Bank of Israel Circular on banking transactions with the UAE
1 November 2020
Dear Clients and Colleagues,
Following the execution of the Abraham Accords Peace agreement between the United Arab Emirates (“UAE”) and the State of Israel in September, which also made reference to the Protocol for understandings on cooperation in banking and financial services executed by the UAE and the State of Israel on September 1st, the Bank of Israel recently issued a letter to the banks in Israel which provides guidance on banking transactions and banking relationships with the UAE and with UAE entities (the “Guidance”).
We feel that this Guidance evidences a desire to provide practical guidance and enable the implementation of the declared intent of the parties to advance cooperation in financial services and lower financial impediments to investments.
In parallel to enabling banking transactions vis a vis to the UAE, the Guidance also formally reminds the banks that the UAE is still considered a high risk jurisdiction for money laundering and terrorist finance, and instructs them to very carefully consider and manage the risk in their dealings with the UAE. Additionally, the Guidance includes “safe harbor” conditions (addressing, inter alia, the parties to the transactions, the currency and the financial institutions involved), the fulfilment of which satisfy, in the opinion of the Bank of Israel, the creation of a “risk reduced environment” which permits the carrying out of fund transfers and execution of trade related activity such as issuance of guarantees and letters of credit (subject to the usual requirements imposed upon the banks in the context of prevention of money laundering and terrorist financing in connection with this type of activity).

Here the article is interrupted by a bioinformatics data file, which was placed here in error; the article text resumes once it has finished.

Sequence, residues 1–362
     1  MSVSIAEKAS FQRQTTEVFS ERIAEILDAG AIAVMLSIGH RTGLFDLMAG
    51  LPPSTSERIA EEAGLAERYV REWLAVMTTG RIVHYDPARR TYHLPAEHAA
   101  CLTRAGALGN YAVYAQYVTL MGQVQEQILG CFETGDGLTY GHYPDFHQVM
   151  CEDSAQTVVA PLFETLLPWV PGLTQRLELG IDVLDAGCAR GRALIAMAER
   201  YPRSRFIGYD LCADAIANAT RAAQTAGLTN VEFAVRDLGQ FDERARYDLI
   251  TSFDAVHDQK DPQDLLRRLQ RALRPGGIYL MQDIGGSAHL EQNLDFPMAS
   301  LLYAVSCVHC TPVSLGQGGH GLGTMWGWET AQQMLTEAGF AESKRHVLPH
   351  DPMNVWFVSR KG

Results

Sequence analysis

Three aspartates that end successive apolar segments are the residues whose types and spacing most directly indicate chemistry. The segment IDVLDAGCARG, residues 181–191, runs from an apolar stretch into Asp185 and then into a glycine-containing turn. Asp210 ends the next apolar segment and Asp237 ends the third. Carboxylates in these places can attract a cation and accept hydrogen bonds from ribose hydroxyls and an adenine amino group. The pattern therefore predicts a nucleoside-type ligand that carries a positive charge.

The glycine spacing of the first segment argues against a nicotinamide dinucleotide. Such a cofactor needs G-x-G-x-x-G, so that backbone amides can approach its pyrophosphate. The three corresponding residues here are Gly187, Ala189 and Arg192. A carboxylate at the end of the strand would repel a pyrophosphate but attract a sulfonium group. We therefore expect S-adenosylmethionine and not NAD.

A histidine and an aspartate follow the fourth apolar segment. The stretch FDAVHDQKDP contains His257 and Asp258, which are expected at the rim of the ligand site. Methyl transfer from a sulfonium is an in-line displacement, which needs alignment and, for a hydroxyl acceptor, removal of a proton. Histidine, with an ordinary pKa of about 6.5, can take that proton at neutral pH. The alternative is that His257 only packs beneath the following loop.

The Guidance goes on to state that it does not preclude Israeli banks from offering other services vis a vis the UAE to their clients, including correspondent banking.
However, it also clarifies that “to the best of the Bank of Israel’s examination of the subject matter, “the financial and commercial activity in the UAE is highly complex, inter alia due to the inherent risk factors in the UAE”. As a result, the Bank of Israel recommends that Israeli banks should act “carefully and gradually” while allocating adequate recourses for the studying of the “challenging and complex” environment, familiarization with the relevant financial institutions and carrying out ongoing controls.
We believe that it is likely that, at least in the near future, banking activity through the local banking system vis a vis the UAE will be limited to the activities covered by the “Safe harbor” conditions set out in the Guidance. It remains to be seen how local banks will treat other requests for banking services such as account opening for subsidiaries of UAE entities, or fund transfers in Israeli currency.
This is however a positive first step, opening the gates for the commencing of the basic transactions required for the practical implementation of the intent expressed by the execution of the peace agreement.
We will be happy to advise and assist in this matter and any other.
Herzog Fox & Neeman